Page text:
Found this in my spam folder this morning:
I love your thewritingspider.wordpress.com
Awwww. Too bad it was from a spammer.
So the agent hunt continues, as does the slow execution of a new story, as does continued tweaking on the first one. I’ve been reading agents’ tweets and blogs here’s what’s going on in my head:
1. If an agent asks for a partial (which means, a chunk of the book, like “5 chapters” or “40 pages”) or a full (the whole manuscript), it may take up to six months for them to get back to you. Believe me, I TOTALLY understand that timeframe. I’m a slow reader on a good day and I can’t imagine having a slush pile plus query letters and all manner of other stuff to read. Though I’ve not yet found myself in a position that this is a PROBLEM (and I wish it was a problem, really, because it means that more than one agent had asked for a partial or full), I’m worried about how to handle it should the need arise.
2. I love reading crappy query letters. I know, it’s total schadenfreude, but there it is. I know mine’s at least nominally better than the bad ones, and I’m learning how to write a better one with every agent’s blog post and rejection I get. I sort of want to get an agent not only to be repped, but to talk about the worst query letters they’ve seen.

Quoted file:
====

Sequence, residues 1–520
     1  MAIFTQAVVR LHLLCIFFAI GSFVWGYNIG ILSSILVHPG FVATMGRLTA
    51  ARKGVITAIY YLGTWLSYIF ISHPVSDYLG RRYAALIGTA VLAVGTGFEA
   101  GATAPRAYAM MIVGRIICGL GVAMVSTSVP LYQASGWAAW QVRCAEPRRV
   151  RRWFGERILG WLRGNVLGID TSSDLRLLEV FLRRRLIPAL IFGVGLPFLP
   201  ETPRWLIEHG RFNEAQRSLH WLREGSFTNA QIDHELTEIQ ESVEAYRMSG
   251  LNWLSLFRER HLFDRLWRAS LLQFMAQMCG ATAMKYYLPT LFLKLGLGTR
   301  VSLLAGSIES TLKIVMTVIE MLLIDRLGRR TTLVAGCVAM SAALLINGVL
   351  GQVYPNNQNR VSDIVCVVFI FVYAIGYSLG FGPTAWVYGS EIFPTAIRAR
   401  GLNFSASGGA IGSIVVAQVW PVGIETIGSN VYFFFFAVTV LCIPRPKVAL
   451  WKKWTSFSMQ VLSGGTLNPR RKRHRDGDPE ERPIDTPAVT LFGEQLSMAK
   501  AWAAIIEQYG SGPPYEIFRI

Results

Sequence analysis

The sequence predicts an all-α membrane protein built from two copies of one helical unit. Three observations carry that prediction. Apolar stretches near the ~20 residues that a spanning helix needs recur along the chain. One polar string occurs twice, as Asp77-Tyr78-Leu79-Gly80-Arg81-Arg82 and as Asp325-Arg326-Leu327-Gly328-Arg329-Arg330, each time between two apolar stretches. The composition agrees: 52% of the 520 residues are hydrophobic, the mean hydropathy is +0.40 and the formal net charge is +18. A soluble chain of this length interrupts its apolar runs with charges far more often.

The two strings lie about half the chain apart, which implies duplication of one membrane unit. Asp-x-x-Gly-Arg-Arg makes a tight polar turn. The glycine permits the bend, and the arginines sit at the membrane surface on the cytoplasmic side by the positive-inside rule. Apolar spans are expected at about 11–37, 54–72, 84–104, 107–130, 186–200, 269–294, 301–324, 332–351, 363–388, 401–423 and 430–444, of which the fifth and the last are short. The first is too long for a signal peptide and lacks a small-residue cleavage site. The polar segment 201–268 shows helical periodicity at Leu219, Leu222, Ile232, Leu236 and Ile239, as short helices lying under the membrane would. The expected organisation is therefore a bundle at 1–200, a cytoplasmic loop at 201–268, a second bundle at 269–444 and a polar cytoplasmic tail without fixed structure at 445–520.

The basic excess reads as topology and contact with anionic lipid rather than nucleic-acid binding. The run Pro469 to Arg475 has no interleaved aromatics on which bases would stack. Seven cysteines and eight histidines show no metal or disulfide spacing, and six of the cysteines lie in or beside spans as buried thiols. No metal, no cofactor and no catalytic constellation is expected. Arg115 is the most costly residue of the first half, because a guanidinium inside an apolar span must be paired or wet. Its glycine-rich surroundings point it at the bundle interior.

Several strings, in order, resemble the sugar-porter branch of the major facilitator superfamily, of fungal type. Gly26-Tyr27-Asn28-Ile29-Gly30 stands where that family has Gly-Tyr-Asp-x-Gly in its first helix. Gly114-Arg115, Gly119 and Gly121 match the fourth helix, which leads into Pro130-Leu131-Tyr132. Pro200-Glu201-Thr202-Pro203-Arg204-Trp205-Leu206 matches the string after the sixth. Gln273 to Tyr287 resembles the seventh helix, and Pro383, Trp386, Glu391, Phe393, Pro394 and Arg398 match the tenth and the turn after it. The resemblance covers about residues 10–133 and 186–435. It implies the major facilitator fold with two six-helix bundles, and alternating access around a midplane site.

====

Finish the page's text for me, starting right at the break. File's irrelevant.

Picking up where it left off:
3. I’m still tweaking the first book. Dammit. The second book was supposed to entice me away from that.
4. I keep reading about authors who went yeeeearrs without finding agents and getting published. And then I read about authors who do it like this: “I wrote this book. Then I went to this conference and I met (Insert Famous Writer’s Name Here) who introduced me to her agent. Now I’m famous.” Ok, WHERE can I learn the alchemy that is “I met this author” and also the magic that is “met her agent” and then the mystery that happens between that and “Now I’m published and I go to conventions and panels and sign autographs”??